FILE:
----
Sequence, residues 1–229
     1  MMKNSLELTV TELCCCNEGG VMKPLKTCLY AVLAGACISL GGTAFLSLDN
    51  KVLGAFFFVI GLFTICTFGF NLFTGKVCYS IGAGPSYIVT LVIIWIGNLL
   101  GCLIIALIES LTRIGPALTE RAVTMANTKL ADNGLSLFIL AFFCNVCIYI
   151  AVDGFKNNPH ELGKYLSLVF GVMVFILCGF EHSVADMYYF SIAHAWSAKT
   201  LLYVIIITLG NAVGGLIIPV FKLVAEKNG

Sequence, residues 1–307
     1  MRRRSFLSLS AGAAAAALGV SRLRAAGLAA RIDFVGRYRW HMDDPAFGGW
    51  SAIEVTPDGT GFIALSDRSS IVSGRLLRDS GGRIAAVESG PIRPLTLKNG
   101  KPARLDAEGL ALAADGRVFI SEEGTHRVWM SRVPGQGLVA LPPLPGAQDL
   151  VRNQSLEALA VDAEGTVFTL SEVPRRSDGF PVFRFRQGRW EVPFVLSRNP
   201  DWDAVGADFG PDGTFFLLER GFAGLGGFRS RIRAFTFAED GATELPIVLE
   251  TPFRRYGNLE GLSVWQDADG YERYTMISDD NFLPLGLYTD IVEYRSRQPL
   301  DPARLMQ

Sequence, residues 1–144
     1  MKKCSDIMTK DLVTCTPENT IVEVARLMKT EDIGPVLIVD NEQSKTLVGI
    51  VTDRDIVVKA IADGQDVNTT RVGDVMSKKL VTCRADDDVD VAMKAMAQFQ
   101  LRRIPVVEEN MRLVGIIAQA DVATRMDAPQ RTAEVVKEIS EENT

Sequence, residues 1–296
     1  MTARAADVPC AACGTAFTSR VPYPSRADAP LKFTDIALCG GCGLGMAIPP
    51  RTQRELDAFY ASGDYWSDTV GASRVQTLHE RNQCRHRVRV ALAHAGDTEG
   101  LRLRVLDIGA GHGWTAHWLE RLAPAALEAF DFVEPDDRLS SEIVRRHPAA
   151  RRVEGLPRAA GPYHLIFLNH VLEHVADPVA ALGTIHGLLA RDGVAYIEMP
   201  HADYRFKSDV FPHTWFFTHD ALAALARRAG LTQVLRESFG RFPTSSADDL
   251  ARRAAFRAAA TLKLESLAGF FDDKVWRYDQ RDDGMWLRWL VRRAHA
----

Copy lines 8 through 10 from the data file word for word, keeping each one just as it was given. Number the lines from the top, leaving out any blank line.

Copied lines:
     1  MRRRSFLSLS AGAAAAALGV SRLRAAGLAA RIDFVGRYRW HMDDPAFGGW
    51  SAIEVTPDGT GFIALSDRSS IVSGRLLRDS GGRIAAVESG PIRPLTLKNG
   101  KPARLDAEGL ALAADGRVFI SEEGTHRVWM SRVPGQGLVA LPPLPGAQDL